I worked a lot with telcos and telephone/data lines to remote locations ... Their outdoor cables go bad. We had pairs go bad all the time ... they come out and change pairs ... problem solved.

When they run out of pairs, they call the crews out to run new cable.
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Old 06-23-2017, 10:56 AM   #13
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Quote:
Originally Posted by drsparky View Post
The radios are probably using FSK, (frequency shift keying) and noise can effect it. Pick and choose a few good lines, ground one end only of the unused lines.
I wasn't sure of the modulation scheme and which grounding method to suggest, so I went with RF multipoint rather than audio single-point source grounding.

Quote:
Originally Posted by DanielLW View Post
In answer to some of the replies:

I measured the voltage across the open pairs, and I'm getting about .3 VAC on a Fluke TrueRMS multimeter.
Volts AC, but what is the primary frequency(ies)? Is it 60, 120, 180, or some other harmonic predominant? Do you use 3-phase power in association with any of the equipment, or near it?

Quote:
Originally Posted by DanielLW View Post
I also hooked our telephone transmission test set to several ground points in the building and got about 45db of noise. This seems to explain why connecting the open wires to ground made the noise worse on the pair under test.
Okay, this statement in an of itself is kind of telling. 45dB in relation to what? If this is an absolute measurement to facility ground, then you have some other issues to resolve first. I would go that direction to figure out where the noise in your grounding system is coming from rather than putting a Band-Aid on the 100-pair cable.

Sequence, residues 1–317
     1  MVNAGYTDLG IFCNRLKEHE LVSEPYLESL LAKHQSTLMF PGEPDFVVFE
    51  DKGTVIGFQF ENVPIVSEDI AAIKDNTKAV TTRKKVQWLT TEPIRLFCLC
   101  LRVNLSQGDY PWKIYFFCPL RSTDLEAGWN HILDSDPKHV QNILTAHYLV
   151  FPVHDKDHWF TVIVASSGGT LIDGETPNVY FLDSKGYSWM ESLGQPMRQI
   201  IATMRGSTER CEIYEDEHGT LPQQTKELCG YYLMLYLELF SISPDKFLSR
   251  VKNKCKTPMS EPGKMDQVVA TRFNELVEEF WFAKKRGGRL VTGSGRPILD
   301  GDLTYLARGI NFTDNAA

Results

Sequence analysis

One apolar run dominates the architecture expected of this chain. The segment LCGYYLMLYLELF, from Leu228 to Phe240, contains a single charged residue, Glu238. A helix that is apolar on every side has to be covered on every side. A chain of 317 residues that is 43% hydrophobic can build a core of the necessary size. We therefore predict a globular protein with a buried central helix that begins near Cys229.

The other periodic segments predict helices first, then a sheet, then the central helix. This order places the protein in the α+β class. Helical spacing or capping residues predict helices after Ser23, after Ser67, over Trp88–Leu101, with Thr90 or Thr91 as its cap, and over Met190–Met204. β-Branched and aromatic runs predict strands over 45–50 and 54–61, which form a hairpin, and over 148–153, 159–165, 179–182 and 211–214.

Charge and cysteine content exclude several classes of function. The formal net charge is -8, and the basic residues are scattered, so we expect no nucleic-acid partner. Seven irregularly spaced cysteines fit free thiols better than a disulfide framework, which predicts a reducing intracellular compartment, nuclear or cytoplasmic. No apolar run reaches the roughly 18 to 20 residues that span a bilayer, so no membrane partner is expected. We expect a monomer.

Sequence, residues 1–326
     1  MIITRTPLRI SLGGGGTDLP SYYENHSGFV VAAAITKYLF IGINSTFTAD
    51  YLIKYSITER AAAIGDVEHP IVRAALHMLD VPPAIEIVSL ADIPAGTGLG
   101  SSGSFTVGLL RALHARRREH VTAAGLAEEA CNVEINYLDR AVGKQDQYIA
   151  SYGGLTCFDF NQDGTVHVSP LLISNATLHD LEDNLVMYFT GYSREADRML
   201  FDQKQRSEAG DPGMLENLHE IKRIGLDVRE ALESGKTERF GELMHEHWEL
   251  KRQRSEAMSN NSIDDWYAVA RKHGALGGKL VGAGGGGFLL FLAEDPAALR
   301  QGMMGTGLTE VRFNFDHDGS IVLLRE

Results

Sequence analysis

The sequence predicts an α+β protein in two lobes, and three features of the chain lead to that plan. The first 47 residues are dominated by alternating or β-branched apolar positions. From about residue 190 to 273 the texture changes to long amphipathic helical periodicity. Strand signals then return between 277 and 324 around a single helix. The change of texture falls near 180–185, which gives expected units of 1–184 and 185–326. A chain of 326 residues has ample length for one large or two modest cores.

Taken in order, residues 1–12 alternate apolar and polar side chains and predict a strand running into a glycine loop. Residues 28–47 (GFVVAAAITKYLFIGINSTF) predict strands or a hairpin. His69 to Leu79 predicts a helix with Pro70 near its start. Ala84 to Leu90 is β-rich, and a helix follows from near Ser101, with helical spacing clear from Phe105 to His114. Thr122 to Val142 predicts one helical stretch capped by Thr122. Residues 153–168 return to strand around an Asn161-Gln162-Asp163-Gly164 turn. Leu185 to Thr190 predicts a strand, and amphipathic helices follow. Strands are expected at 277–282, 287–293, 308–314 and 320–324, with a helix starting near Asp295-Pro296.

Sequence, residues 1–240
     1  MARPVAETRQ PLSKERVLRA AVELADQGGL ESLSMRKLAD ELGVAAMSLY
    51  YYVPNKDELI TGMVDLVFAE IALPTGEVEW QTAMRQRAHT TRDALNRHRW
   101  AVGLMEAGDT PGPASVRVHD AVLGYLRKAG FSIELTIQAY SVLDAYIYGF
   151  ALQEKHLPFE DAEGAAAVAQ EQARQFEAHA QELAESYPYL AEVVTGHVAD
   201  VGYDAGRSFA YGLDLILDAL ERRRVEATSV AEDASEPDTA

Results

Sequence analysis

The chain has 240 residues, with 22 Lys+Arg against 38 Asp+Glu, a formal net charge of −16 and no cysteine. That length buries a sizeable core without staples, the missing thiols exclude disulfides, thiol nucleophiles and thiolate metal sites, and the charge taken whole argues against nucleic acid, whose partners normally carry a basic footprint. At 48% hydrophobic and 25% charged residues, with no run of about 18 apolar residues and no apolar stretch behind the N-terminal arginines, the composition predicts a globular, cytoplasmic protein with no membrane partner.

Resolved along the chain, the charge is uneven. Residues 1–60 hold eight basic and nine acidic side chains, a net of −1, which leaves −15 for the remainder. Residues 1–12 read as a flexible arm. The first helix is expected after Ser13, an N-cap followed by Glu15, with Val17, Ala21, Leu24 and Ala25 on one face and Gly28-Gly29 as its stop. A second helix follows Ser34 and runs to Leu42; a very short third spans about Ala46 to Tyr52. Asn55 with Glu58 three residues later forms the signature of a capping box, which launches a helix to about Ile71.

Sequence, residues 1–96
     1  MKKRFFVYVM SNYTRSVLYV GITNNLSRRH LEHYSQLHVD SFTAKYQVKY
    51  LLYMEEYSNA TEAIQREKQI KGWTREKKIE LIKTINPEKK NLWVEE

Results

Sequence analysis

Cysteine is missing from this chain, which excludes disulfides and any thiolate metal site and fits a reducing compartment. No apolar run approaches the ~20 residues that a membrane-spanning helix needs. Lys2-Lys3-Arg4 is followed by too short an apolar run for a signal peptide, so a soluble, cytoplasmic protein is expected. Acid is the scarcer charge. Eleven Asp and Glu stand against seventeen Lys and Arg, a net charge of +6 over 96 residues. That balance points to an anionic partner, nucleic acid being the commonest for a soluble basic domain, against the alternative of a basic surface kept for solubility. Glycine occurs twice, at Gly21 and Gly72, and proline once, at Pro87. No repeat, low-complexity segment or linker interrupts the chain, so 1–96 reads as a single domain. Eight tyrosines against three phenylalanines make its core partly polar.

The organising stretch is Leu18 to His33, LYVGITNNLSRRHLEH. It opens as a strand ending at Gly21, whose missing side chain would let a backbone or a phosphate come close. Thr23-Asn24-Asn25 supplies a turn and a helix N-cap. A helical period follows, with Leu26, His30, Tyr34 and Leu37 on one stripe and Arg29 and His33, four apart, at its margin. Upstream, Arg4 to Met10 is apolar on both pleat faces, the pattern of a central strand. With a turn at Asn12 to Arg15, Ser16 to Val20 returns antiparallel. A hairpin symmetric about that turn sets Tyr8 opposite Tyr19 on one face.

Is the noise predominantly RF hash-like, or is it related to power (inducing hum)?

My facility has very long coaxial and twisted pair runs all using AM schemes (we have others, but they are not as sensitive to noise).

Ground floor noise for my facility is -90dB absolute. I only have about 30dB of separation before I need to worry...that's not much! I test and measure for interference on the order of microvolts, so I can kind of relate to your issue.
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Old 06-24-2017, 06:57 AM   #14
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Do you have the covers on the cans at the frames?
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Old 06-24-2017, 07:10 AM   #15